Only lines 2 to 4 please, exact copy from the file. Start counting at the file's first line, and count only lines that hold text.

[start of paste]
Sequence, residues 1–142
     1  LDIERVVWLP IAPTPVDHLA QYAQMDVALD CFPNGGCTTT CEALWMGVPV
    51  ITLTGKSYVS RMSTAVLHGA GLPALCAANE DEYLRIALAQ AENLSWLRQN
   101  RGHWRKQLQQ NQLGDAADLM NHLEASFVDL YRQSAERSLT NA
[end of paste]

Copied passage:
     1  LDIERVVWLP IAPTPVDHLA QYAQMDVALD CFPNGGCTTT CEALWMGVPV
    51  ITLTGKSYVS RMSTAVLHGA GLPALCAANE DEYLRIALAQ AENLSWLRQN
   101  RGHWRKQLQQ NQLGDAADLM NHLEASFVDL YRQSAERSLT NA